blodwyn, can you post up the old commands one of my hobbies is computer history and I would seriously like to document them for reference.
Thanks El Reg, you have posted up a quality article here, it's a shame as a nation we have let our crown slip here we could have been the dominant force in the IT industry if we kept going, now most school kids only a few years behind me don't know what basic things like HTML are or basic troubleshooting.
Leo III Reminiscences to follow...
@jake - It's the beer! Of course - thanks!
@Nights_are_Long - There's some context I'll need to post as well as the commands, so I'll post some of the details I remember in a couple of entries I'll put together over the next couple of hours. Stay tuned......
Oh why cant my Windows PC do all that now?
All IT students should be made to read "A Computer Called Leo" in their first year.
Leo III Reminiscences Part 1
The console had a typewriter that the system used to communicate to the operators. It was used for output only, the operators used a bank of switches to issue commands to the system. There were 3 groups of 4 toggle switches, each group representing a hexadecimal (or more precisely an EBCDIC) number, and a spring-loaded 'Stack' switch that you pressed to execute the command entered on the 12 toggle switches. So a command would be something like entering 4-0-2 on the 12 keys, and then press the Stack key to execute it.
The 4-0-2 command was used to run a program (they were called programs rather than 'apps'). You would load a tape containing the program code on a mag tape deck, load a paper tape with the program name, serial number, and run number into a tape reader, and then execute the command. This would load the program from mag tape and run it.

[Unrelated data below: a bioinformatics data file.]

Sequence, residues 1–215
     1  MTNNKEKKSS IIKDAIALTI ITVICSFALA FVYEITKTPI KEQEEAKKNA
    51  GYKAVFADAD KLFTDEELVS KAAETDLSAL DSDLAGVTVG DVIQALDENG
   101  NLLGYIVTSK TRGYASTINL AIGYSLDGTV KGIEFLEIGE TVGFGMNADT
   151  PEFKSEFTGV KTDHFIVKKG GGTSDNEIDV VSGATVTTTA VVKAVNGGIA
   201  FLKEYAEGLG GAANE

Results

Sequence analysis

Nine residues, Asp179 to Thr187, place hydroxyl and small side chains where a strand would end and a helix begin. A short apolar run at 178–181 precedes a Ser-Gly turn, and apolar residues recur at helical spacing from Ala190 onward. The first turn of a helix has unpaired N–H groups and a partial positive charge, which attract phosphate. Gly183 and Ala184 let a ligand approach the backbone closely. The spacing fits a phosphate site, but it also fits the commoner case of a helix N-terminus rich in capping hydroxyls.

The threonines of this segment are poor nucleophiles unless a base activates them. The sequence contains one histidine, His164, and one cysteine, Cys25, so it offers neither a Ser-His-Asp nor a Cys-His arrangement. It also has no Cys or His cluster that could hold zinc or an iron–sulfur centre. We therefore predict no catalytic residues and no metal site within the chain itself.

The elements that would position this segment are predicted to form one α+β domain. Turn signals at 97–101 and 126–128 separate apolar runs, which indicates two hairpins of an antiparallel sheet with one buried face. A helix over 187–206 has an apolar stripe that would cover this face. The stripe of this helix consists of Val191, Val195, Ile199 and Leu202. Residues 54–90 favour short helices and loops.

Strictly speaking, the middle zero in the 4-0-2 command was a 'route' number. Each set of peripherals were on a separate channel, with each device having a rotary switch that you could set to an address 'route' within that channel. The nearest tape reader to the console was usually set to zero, hence the default 4-0-2.
A 1-0-3 command (I think) was used to load a 'Release Tape Index' (RTI). The RTI was a list of mag tape numbers that were OK to write on. Each tape had a serial number, and a corresponding card in a card index. The card was manually updated with details of what data was written on the tape. When the data was no longer needed, the tape was 'released', the tape number punched onto a paper tape in batches of 12 at a time, and then read into the system using the 1-0-3 command. When you loaded a mag tape, the system would read the serial number on the first few blocks, and would check it against the list of tape numbers from the RTI you had loaded. It would not write on a tape without its number being on the RTI.
A 3-0-1 command would do a core-dump to a mag tape. This was later printed (remember there were no monitors back then) and used by programmers to debug errors.
There was also a command for changing the priority of a program compared to other programs that were running, so you could get the best timesharing performance. I can't remember the command number for that though.
Leo III Reminiscences Part 2
The programs for a particular customer were arranged in a 'suite'. This usually consisted of an input program, a sort, the main processing program, another sort, and then a print.
For a payroll suite, this would contain data like hours worked that week per employee, etc. The input data was punched onto paper tape by a Data-Prep group. This was a team of about 40 (all female, never saw a male DP). Each set of data was actually punched twice. The first time it was punched onto yellow tape, then the yellow tape was fed into a verifying machine while it was punched a second time onto white tape. The verifier would compare what was being punched with what was on the yellow tape, and stop if there was a discrepancy so the DP could fix the discrepancy. These DP girls were amazing - they could carry on full conversations while punching and not miss a beat. As a fresh faced 18 year old, it was quite intimidating walking into the room to collect the paper tapes, and have all the conversations stop so they could check you out.